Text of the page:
I was hired to teach at UP Academy in Lawrence, MA starting in August of 2014. Everyone on staff had a duty and mine was to stand in the girl’s bathroom and make sure that the students were leaving quickly and that they only used two pumps of soap and took two paper towels. If they used more I was supposed to give them a demerit. Everything is timed, and teachers walk around with timers. Kids are timed when they go to the bathroom and when they have their snack so that they aren’t wasting valuable learning time. At orientation, which lasted a month before the start of schools, we spent an entire day on how to pass papers and how to get the students to compete against each other as they did this.
When it comes to math and English, UP Academy is teaching a lot, but there’s no emphasis on anything else. Students get social studies and science for half a year; PE and art are considered *specials* and students only get them for an hour a week. The only time students leave their classrooms is when they’re going to PE, art or lunch. After sitting all day, they have to line up in single file in total silence, not making a single peep, hands behind their backs, everything tucked in—like perfect soldiers. I’d have to transport them to my classroom, giving them merits and demerits along the way.


There were fifteen minutes total for the the entire class to go to the bathroom. This was twice a day, in the morning and later in the afternoon. There was an average of 32 kids in the class and when we called their names, they would indicate whether they had to go to the bathroom or not by saying *yes, thank you* or *no, thank you.* You’d start from the top of the list in the morning and those people would go to the bathroom. In the afternoon, names would get called from the bottom up. If students didn’t get called, they couldn’t use the bathroom. Students have two emergency bathroom passes they can use during the semester. If they use them up they get a detention.


There is more to read. Frankly, I find this bordering on child abuse. This is the kind of school that superior people design for other people’s children, not their own.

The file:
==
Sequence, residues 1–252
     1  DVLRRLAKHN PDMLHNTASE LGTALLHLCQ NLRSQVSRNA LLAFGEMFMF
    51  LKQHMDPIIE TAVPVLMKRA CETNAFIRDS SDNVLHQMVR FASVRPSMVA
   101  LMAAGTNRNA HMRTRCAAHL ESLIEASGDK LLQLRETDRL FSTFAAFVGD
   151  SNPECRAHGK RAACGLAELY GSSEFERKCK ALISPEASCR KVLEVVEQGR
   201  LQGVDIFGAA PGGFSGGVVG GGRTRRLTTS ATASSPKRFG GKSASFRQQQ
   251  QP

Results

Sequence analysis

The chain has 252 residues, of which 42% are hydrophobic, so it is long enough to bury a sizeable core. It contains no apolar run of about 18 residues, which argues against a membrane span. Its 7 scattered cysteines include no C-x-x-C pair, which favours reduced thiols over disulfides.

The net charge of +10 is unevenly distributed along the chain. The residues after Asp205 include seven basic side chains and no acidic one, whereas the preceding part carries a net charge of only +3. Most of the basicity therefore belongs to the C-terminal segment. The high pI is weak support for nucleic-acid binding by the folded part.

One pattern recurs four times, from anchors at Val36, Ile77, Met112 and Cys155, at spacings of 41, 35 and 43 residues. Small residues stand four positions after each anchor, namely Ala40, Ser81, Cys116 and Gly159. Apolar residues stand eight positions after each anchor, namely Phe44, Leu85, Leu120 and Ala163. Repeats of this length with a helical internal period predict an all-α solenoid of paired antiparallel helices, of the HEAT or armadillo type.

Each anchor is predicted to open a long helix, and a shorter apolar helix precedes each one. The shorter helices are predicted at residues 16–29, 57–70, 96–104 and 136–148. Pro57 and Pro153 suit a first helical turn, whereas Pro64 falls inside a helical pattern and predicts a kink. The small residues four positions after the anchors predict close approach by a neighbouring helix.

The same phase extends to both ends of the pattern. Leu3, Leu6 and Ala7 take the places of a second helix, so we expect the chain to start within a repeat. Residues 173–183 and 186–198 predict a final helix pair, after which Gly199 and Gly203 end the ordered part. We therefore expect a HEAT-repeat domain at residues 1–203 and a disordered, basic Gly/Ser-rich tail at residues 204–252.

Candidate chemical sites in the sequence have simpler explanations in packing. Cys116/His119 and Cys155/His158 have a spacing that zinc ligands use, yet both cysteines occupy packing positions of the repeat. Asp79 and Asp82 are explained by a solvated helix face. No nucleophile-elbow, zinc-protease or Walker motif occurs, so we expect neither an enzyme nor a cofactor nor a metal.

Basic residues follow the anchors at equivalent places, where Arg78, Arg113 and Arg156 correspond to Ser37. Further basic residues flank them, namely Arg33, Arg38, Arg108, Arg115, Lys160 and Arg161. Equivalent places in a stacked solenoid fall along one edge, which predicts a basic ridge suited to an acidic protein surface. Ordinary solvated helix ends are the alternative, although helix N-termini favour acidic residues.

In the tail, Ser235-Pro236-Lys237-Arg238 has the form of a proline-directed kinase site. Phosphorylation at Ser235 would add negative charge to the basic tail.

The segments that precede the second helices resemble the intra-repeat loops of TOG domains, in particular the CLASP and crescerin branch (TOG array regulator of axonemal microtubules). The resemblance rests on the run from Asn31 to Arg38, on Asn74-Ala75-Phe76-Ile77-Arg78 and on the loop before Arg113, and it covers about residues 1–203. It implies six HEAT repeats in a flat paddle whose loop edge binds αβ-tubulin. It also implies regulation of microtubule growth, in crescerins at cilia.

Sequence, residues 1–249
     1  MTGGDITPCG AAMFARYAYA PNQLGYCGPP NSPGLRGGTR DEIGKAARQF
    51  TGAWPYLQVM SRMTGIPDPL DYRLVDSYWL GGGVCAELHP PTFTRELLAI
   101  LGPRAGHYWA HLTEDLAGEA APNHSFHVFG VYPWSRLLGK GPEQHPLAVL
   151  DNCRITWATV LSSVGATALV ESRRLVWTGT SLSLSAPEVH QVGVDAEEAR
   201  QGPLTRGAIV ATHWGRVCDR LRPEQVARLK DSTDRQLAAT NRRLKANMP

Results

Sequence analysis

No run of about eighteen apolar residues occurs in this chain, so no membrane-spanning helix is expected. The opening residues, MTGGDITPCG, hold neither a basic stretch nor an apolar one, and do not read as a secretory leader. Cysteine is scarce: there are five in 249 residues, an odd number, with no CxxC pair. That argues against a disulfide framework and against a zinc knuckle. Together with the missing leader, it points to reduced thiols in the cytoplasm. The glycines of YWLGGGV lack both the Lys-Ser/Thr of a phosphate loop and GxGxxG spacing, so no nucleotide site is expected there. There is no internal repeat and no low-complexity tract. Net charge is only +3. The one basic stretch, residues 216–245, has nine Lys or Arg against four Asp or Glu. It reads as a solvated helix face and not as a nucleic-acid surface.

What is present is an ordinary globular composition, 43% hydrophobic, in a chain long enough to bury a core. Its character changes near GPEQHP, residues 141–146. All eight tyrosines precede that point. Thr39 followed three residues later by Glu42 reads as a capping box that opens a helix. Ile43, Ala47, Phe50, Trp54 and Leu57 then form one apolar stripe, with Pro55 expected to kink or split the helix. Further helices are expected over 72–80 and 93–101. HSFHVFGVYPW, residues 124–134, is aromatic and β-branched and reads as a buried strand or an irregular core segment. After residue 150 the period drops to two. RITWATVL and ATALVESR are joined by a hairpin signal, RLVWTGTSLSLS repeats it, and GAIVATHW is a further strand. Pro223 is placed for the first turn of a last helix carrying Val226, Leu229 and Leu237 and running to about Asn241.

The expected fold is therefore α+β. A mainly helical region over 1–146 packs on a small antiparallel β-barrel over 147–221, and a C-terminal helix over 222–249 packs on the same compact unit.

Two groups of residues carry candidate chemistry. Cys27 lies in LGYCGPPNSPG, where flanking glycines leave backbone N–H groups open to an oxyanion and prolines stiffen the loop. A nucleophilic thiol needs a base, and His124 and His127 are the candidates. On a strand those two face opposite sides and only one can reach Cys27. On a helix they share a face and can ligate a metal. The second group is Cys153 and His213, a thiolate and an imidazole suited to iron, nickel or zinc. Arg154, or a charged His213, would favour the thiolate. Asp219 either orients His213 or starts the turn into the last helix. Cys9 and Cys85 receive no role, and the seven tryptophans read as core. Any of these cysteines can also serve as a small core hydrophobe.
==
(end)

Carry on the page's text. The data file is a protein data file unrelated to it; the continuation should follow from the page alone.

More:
Dora Taylor, a parent leader in Seattle, has written a post about how the Gates machine has stepped up to protect the state’s fledgling charter schools that are not currently eligible to receive public funding. The highest state court in Washington state ruled that charter schools are not public schools, and of course the Gates team is working the legislature to do an end run around the court’s decision.


But as Taylor explains, the Gates team has quietly set up a deal where a small rural school district is paid to supervise the charter schools and keep them alive while Gates and company works the legislature.


This is how it went. The Gates Foundation, contacted the Washington Charter Association and had them contact the Mary Walker School District to discuss with the Superintendent, Kevin Jacka, the idea of taking on the charter schools that had opened in the state and placing them under the umbrella of the Alternative Learning Experience program (ALE).


The Mary Walker School District is located in Springdale, Washington, which is a rural community in the northeast corner of Washington State. The district consists of eight traditional and Alternative Learning Experience (ALE) schools.


The plan was to have the Mary Walker School District provide oversight for the charter schools scattered around the state and receive a percentage of the per student state allocation before sending the money onto the charter school therefore providing tax dollars to the charter schools.


According to the contract between the Mary Walker School District and Rainier Prepcharter school, the Mary Walker School District will receive 4% of the per student state allocation of approximately $6,000 per student and the remaining 96% will go to the charter school.


You see, when you are the richest man in the country, you don’t give up. You win. Unless the courts and the legislature intervene to protect public education. If Bill Gates wanted to give the charter students an education (there are fewer than 1,000 of them), he could open private schools for them at less cost than he is spending to lobby the state. But he wants to establish the principal that privately managed schools should get public funding, even though the public has nothing to say about how they are run.